mc is dancing to The Fall, of all the music ever produced in the world. Their trademark is jerky, jagged, awkward, refusing, deliberately discomforting, belligerent, pissed-off music. Music by the man whose head expanded, who is sticking to a gang of one, will cut a hole in the rain for you and likes people who live in kitchens and halls.

mc develops these qualities into movements that are jagged and broken, sudden and quotidian, as well as very difficult to do. He choreographs dance listening to the rhythms in his own head. He does it because he can: one of the many subtexts is that if you can dance to this you can dance to anything. And you can!

mc is alive!

mc is dancing to life, expressing an appetite for living it dangerously.

mc is dancing to live, to feel alive and because it’s what being alive is for him.

mc approaches life with dance, it’s all he has to say about it, to it, of it.

mc is a choreographer. When he danced these pieces there was a perfect naturalness to his movements, an amazing poise amidst the perversity. In the more complex dances, for ‘Ludd Gang’ and ‘Copped It’ in which the whole company dances, your eye begins and ends on mc. Other dancers are exceptional, other dancers can perform these awkward moves, other dancers can do attitude. But there is and was something else about mc’s performance.

mc has unique presence on stage.

mc is a choreographer and the ‘something else’ is partly in the dance, the natural awkward brilliance of it is embedded in the choreography. If you subtract mc from his choreography you lose his unique physical presence but you’re left with his thinking, his rhythms, his approach to space and appetite for newness.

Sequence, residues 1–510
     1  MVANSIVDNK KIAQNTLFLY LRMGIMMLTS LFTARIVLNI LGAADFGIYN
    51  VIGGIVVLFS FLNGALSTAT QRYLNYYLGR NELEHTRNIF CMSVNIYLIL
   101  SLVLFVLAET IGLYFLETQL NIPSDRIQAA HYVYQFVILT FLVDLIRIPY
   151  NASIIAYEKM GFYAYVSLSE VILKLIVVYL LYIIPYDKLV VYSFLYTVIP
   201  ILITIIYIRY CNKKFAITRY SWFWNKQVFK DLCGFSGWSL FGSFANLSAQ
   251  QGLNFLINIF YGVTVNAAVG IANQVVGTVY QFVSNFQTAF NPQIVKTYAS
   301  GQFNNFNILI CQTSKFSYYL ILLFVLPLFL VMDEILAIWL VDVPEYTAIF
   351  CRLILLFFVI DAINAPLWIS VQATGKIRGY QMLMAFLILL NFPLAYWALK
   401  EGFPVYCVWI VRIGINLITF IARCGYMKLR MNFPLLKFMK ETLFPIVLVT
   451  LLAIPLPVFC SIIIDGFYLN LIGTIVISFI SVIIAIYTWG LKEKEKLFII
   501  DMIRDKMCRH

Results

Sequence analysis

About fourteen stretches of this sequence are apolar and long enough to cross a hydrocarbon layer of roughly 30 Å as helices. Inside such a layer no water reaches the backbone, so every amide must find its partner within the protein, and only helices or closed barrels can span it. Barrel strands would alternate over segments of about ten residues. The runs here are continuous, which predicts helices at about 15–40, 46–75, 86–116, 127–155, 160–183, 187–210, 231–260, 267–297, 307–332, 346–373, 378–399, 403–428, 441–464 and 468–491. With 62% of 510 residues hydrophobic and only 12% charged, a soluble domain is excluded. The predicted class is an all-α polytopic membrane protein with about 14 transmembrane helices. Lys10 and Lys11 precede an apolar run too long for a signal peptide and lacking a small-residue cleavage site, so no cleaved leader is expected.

mc is in rehearsal with dancers who are about the age he was when he formed his first company in 1982. They’re serious, committed, ambitious and eager to prove it but they’re about to dance mc’s role and seminal early work. They’re all in this together, huddled around a video playback monitor, laughing and joshing. It’s an endearing sight.

mc has swum oceans of publicity.

mc often talks football to journalists. Talking about Mmm and the pivoting of much of the dance on the pelvis he compares the severe angles and speed achieved to the footwork of Maradonna. He’s often talked of dancing at Ibrox stadium at half-time.

mc can be candid about his self abusing usage of drugs, in particular. He says; “I don’t know how much choice there was involved,” during his years of addiction. “I mean; it was beyond my control.” Candid too, about falling through the floor after Leigh Bowery’s death in 1994. About the years living incognito with his mother back home in Scotland. About losing people and things. About being broke. About surviving.